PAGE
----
programming, earned a college degree and he has engaged in spiritual
programming with his pastor for the past 30+ years. He also has excellent
institutional conduct and community and family support. But, the aggravating
factors in this case lead the Board to conclude that release would demean the
seriousness of the offenses and not further the interest of justice. After weighing
relevant factors, the Board does not consider the Inmate suitable for release at this
time and assesses a five year continuance.
Thus, Petitioner’s next parole hearing will occur in August 2017. (Id.).
Mr. Swihart’s State Court Appeal:
Authority, et al., Case No. 13AP-993
Swihart v. Ohio Adult Parole
Petitioner appealed Judge Horton’s dismissal of his state court case. See Swihart v. Ohio
Adult Parole Auth., et al., No. 13AP-993, 2014 WL 3740418 (Ohio Ct. App. July 29, 2014). The
Court of Appeals affirmed, finding that “the OAPA’s decision is discretionary, and the OAPA
was not required to find appellant suitable for release on parole based on allegedly positive
factors where the record contains sufficient reasons weighing against his release.” Id. at *7–10.
The Supreme Court of Ohio declined review of the decision. Swihart v. Ohio Adult Parole
Auth., et al., 141 Ohio St.3d 1473, 1473 (2015).
The Instant Case
On February 18, 2016, Petitioner filed the instant Petition for a writ of habeas corpus
pursuant to 28 U.S.C. § 2254, asserting one ground for relief—that “[t]he Ohio Department of
Rehabilitation and Correction and Ohio Adult Parole Authority have denied Mr. Swihart due
process by failing to meaningfully consider him for parole, furlough, or lower security status.”
(Doc. 1 at 5). More specifically, he asserts that the ODRC and OAPA have unconstitutionally
repeatedly and arbitrarily denied him meaningful consideration for release on parole, furlough, or
lower security status based on improper deference to his initial and unconstitutional death
sentence and inaccurate records regarding his ineligibility for release on parole. (Id. at 5; Doc. 11, PAGEID #: 17–18; Doc. 8 at 1–2). He complains that the ODRC and OAPA provided him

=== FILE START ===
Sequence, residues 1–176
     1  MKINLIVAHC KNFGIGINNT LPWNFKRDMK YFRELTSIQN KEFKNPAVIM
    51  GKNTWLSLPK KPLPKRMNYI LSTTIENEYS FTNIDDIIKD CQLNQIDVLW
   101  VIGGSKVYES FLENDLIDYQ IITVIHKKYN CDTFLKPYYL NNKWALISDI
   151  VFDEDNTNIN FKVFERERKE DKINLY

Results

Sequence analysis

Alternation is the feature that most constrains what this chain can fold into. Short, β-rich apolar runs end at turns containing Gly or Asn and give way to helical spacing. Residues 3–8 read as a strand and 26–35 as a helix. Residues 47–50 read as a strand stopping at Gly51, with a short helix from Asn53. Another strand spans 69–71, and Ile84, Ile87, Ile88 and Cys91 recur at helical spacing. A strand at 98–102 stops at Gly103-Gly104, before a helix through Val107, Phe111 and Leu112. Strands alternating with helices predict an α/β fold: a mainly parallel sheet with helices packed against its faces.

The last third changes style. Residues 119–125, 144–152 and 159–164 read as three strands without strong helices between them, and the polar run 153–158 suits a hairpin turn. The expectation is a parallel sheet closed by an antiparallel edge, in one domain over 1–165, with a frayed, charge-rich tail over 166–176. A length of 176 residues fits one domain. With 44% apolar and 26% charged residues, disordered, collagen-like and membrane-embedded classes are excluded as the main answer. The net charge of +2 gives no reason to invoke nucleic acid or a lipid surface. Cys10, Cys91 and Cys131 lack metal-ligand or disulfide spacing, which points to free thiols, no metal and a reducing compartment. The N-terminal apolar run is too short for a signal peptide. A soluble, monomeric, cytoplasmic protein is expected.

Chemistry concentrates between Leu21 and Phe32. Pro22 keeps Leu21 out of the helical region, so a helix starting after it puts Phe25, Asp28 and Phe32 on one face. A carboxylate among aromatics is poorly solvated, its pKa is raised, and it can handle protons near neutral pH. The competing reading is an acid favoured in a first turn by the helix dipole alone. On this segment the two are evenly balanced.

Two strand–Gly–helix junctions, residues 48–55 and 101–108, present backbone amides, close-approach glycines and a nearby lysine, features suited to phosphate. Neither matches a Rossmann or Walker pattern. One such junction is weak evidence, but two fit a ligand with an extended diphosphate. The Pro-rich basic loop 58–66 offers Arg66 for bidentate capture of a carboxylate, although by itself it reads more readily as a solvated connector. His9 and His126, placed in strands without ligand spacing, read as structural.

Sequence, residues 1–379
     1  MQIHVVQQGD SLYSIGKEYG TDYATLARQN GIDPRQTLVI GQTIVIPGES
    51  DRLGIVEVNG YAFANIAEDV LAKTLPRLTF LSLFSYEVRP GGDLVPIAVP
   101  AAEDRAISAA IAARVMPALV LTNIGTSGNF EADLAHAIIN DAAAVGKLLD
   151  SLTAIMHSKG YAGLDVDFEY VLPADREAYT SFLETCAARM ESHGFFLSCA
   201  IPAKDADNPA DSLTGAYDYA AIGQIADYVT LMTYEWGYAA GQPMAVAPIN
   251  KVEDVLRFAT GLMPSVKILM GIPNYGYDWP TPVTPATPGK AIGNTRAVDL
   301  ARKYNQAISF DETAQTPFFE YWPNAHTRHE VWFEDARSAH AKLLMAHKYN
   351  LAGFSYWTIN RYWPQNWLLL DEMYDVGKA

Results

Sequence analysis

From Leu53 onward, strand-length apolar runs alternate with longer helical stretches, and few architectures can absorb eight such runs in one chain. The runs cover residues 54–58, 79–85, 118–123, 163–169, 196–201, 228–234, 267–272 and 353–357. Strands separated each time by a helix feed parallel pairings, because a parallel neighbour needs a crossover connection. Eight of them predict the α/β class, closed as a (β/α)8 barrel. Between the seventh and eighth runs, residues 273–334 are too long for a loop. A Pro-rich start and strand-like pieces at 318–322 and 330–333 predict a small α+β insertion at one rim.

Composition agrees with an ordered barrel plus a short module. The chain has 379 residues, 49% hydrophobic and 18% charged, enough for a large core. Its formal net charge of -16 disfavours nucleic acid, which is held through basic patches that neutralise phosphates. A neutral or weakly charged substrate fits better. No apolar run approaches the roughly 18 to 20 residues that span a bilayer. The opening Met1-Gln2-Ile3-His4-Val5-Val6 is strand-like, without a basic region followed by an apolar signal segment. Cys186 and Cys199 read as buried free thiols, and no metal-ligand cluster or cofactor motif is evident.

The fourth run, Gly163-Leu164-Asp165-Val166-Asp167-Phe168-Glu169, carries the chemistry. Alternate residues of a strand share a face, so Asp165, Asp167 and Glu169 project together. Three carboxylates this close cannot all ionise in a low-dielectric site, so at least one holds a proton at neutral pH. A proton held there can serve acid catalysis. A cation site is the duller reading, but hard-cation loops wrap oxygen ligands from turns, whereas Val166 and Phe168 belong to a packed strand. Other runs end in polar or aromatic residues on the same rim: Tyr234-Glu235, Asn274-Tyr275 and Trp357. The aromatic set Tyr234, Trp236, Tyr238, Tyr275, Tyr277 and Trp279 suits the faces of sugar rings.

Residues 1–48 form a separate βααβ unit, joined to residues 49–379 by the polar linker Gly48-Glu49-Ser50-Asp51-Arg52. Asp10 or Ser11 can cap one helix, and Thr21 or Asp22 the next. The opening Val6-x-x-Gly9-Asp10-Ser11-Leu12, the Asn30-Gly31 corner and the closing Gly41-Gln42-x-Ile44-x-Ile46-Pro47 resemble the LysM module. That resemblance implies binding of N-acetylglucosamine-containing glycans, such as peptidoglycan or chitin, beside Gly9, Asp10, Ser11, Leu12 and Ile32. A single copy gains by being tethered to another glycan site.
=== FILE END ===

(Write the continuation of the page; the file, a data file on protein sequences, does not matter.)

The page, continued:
with allegedly meaningful parole hearings in 2007 only after he filed a complaint in the state trial
court, and now that his complaint has been dismissed, they “are free to resume the sham hearings
they conducted for more than a decade.” (Doc. 1-1, PAGEID #: 28). Petitioner seeks to conduct
discovery and requests an evidentiary hearing. (See Doc. 9).
In response, Respondent suggests Petitioner’s claim is untimely but asserts that it
“appears to be based on one underlying contention, that he should have been given different
considerations during his parole hearings.” (Doc. 5 at 10). Thus, “[r]ather than engage in a
protracted and convoluted statute of limitations analysis involving Swihart’s lengthy state
proceedings and multiple parole hearings, Respondent, without waiving his statute of limitations
defense, submits that Swihart raises non-cognizable claims.” (Id.). Respondent likewise argues
Petitioner’s claims are without merit. (Id. at 12–13).
WHETHER PETITIONER’S CLAIM IS COGNIZABLE IN FEDERAL HABEAS
Petitioner points to a single case, Terrell v. United States, 564 F.3d 442 (6th Cir. 2009),
to demonstrate that his claim is cognizable in habeas corpus. (Doc. 8 at 5). In Terrell, a federal
prisoner “commenced his claim by petitioning the district court to enter an order, pursuant to 28
U.S.C. § 2241, to require the [United States Parole] Commission to give him a live in-person
parole hearing,” as opposed to a videoconference. Id. at 445. Mr. Terrell did not contend that
granting him an in-person parole hearing necessarily would entitle him to early release from
custody. Id. The Sixth Circuit considered its jurisdiction to entertain the petition sua sponte.
Relying on Wright v. U.S. Board of Parole, 557 F.2d 74 (6th Cir. 1977), a case also involving a
federal prisoner, the Sixth Circuit found that Mr. Terrell’s challenge “was cognizable under
§ 2241 as a challenge to the execution of his sentence.” Id. at 446.
The instant case is distinguishable. As an initial matter, Petitioner is a state, not a federal,
prisoner. Additionally, he brought this action under § 2254, not § 2241. Thus, the Court
disagrees with Petitioner’s contention that Terrell “ends the matter” and unequivocally
demonstrates that his “use of habeas in this case is proper.” (Doc. 8 at 5).
Beginning with Preiser v. Rodriguez, 411 U.S. 475 (1973), the Supreme Court “focused
on the need to ensure that state prisoners use only habeas corpus (or similar state) remedies when
they seek to invalidate the duration of their confinement—either directly through an injunction